A woman who led police to a body part belonging to Jake Anderson-Brettner has been jailed for her role in concealing his murder.
Gemma Elizabeth Clark pleaded guilty to being an accessory after the fact to murder and failing to report the killing of Mr Anderson-Brettner.
It was alleged the 24-year-old victim was killed at a Riverside house on August 15 last year.
Clark, of Riverside, initially lied to police in the days after the murder, but she eventually cooperated with them and led them to the place where part of Mr Anderson-Brettner's body was found.
Justice Robert Pearce said Clark gave police further information that led to the collection of other evidence, but her admission was only after the gravity of the situation was apparent to her.
Clark was well-educated, from a good family, held many part-time jobs and was an aspiring primary school teacher.
Justice Pearce said the crime was an isolated and aberrant incident committed by a person of otherwise good nature, but it was a serious departure and good character did not carry much weight for a crime of this seriousness.
Details of Clark's involvement in concealing the crime are unable to be published due to a Launceston Supreme Court suppression order, but Justice Pearce said she committed crime's of considerable gravity.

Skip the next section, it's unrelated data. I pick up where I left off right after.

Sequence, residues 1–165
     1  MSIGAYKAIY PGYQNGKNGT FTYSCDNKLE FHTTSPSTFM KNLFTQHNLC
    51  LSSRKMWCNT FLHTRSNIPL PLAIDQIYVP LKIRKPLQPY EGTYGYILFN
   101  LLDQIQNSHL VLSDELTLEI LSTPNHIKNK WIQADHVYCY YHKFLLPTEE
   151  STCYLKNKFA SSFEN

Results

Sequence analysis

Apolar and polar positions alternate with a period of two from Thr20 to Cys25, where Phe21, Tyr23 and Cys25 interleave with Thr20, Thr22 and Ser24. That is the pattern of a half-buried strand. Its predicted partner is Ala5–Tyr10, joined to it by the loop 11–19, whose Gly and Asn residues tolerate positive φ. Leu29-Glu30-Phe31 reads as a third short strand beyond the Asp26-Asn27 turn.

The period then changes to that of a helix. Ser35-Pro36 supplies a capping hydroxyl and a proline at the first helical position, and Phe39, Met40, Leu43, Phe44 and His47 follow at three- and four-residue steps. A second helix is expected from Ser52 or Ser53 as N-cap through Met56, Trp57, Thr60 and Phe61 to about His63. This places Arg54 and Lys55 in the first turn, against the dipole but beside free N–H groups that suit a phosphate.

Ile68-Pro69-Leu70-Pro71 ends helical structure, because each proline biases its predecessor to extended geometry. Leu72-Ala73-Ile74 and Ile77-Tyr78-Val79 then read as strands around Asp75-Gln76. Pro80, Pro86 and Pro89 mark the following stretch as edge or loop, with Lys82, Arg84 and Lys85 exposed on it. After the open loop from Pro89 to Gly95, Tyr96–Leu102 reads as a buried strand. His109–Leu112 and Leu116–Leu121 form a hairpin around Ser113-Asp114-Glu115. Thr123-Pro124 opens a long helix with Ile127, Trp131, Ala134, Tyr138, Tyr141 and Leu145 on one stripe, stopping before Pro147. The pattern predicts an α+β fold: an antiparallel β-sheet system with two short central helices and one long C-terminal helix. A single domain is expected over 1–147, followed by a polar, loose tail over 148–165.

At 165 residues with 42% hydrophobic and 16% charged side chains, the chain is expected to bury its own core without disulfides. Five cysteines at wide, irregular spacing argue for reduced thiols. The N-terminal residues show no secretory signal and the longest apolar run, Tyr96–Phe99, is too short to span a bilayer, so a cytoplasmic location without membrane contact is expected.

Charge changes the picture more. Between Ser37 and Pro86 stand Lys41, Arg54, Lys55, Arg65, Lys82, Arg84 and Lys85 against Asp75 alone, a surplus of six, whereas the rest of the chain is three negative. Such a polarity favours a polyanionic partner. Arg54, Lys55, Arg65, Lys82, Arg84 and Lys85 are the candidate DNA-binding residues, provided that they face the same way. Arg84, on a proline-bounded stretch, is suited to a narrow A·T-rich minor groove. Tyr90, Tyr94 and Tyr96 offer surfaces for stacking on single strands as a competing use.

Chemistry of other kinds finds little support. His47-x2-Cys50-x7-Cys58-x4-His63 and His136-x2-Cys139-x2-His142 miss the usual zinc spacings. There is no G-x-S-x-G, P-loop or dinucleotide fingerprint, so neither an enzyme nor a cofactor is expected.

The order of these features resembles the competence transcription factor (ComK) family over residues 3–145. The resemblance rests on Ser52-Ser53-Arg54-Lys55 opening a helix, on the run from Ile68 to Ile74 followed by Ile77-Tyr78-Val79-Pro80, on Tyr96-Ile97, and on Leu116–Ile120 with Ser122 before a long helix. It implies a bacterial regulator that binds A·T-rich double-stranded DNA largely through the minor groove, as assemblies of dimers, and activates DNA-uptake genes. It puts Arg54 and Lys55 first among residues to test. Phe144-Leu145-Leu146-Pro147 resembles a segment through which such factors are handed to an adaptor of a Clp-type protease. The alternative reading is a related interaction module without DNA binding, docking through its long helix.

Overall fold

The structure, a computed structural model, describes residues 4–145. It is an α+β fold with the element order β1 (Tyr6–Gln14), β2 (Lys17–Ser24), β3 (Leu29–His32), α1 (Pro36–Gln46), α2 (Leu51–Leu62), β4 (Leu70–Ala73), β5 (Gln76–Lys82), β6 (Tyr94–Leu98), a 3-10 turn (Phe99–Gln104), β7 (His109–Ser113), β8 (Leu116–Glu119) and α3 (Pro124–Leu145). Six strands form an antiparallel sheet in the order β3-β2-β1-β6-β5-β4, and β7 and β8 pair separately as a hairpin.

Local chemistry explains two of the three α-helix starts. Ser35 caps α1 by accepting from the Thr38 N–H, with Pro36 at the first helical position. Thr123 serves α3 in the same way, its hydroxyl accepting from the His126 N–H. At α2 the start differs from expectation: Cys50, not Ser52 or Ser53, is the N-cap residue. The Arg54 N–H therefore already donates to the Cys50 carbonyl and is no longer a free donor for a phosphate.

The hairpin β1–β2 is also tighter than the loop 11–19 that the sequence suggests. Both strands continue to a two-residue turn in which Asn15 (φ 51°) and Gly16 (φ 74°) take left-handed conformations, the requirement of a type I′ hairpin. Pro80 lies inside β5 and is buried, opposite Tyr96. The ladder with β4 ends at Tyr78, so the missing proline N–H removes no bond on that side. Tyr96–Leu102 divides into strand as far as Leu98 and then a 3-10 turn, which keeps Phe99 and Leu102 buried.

"Her conduct added greatly to the distress of the victim's mother, his partner and the rest of his family and friends, and will likely have a lasting impact," Justice Pearce said.
Mr Anderson-Brettner's mother and fiance submitted victim impact statement's to the Launceston Supreme Court.
Jack Harrison Vincent Sadler has pleaded not guilty to murdering Mr Anderson-Brettner.
Clark is expected to give evidence during the accused murderer's trial, which will likely be held at the end of this year or early in 2020.
For her willingness to testify against Mr Sadler, Justice Pearce gave Clark a 20 per cent reduction in what could have been an eight-year sentence.
She was also given a 10 per cent discount on the sentence for her early guilty pleas.
"Mr Anderson-Brettner's family will not be exposed to the trauma of a trial, at least for Ms Clark's crimes," Justice Pearce said.
"The early plea also satisfies me that despite the absence of immediate remorse she came to appreciate the appalling wrong she had done and formed the intention to do what she can to make amends, although of course she can never fully do so."
Clark was sentenced to five and a half years' jail and was eligible for parole after three years.
Her sentence was backdated to August 2018.